The government has summoned Rwandan envoy to Uganda, Maj Gen Frank Mugambage, to explain the diplomatic standoff at the Uganda-Rwanda border, a government spokesperson announced yesterday.
Addressing journalists yesterday, Uganda Media Centre executive director Ofwono Opondo said the government has also directed Uganda's High Commissioner to Rwanda, Ms Olive Woneka, to get an explanation from Rwanda's Ministry of Foreign Affairs in Kigali.
"The Ministry of Foreign Affairs has invited Mr Mugambage today to brief Uganda on the temporary [border] closure. We are seeking explanations," Mr Opondo said.
Tensions were high at the Uganda-Rwanda border throughout Thursday after dozens of cargo trucks from Uganda were blocked by the Rwanda Revenue Authoring (RRA) from entering Rwanda through the Katuna-Gatuna border post.
RRA notified the Uganda Revenue Authority (URA) in writing that construction works were ongoing on the Gatuna-Kigali highway and diverted cargo trucks to the Mirama Hills-Kagitumba border post, nearly 114kms away.
The truckers, however, had not been notified in writing before that.
Speaking to this newspaper on Thursday evening, Mr Henry Okello Oryem, the State Minister for International Affairs, said much as there are issues between Uganda and Rwanda that warrant day-to-day talks, the situation concerning Kigali's decision to stop cargo trucks from using the Katuna-Gatuna border post will not escalate any troubles between the two countries. "We talk with Rwanda every day; they have issues with us that they want us to clarify, and we have issues we want to be clarified the other side. So as far as we who handle foreign diplomacy issues are concerned, this is no big issue," he said.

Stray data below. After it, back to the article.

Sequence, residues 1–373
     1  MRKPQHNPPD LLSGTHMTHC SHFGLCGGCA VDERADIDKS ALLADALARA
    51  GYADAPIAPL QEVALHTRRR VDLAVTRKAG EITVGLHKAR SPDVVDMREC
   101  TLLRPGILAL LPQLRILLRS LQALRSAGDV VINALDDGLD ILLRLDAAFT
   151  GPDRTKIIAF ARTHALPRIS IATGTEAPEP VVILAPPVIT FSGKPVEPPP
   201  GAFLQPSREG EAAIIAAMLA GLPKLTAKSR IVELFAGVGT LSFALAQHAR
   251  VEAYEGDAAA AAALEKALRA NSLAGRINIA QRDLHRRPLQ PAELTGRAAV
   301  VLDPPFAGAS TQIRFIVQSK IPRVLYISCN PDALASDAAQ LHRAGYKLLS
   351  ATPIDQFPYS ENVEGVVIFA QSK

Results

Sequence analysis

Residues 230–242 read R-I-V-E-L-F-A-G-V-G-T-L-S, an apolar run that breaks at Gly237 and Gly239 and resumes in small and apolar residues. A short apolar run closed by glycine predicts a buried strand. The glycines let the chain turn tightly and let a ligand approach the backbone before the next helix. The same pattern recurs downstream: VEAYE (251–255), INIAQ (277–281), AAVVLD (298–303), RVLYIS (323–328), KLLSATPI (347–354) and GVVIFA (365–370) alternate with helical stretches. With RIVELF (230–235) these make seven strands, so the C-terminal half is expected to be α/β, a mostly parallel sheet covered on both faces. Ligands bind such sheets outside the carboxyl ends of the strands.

Beyond the issue of the cargo trucks, Rwandan nationals were reportedly stopped from crossing into Uganda as passenger service vehicles were checked. We could not independently verify this claim.
Speaking earlier on Thursday, Mr Opondo said Rwanda had blocked its nationals, even those who study in Uganda, from crossing over to Uganda.
"Some disturbing information is that Rwandans this morning (Thursday) resorted to panya-routes (shortcuts) to buy food from Uganda and there are reports that the foods were confiscated on arrival is their countryside," Mr Opondo said on Thursday.
Rwanda's President Paul Kagame mid-February confirmed in an interview with The East African newspaper of the Nation Media Group that the two countries have had tensions for two years.
Mr Kagame, who is the current chairman of the East African Community (EAC) after taking over from President Museveni, said what is happening between the two countries are matters that can be resolved but decried the many pronouncements without actions.
"It doesn't hurt anyone to keep on trying. What hurts is keeping quiet. And, of course, things are not improving because of that, we are not doing much. We have had discussions over this for two years, we can resolve them whether it is egos or just wishing that things should be bad" Mr Kagame said during the interview.
But Mr Opondo said the Rwandan government would not have discussed any diplomatic issues in the media but rather should have raised them using established government structures.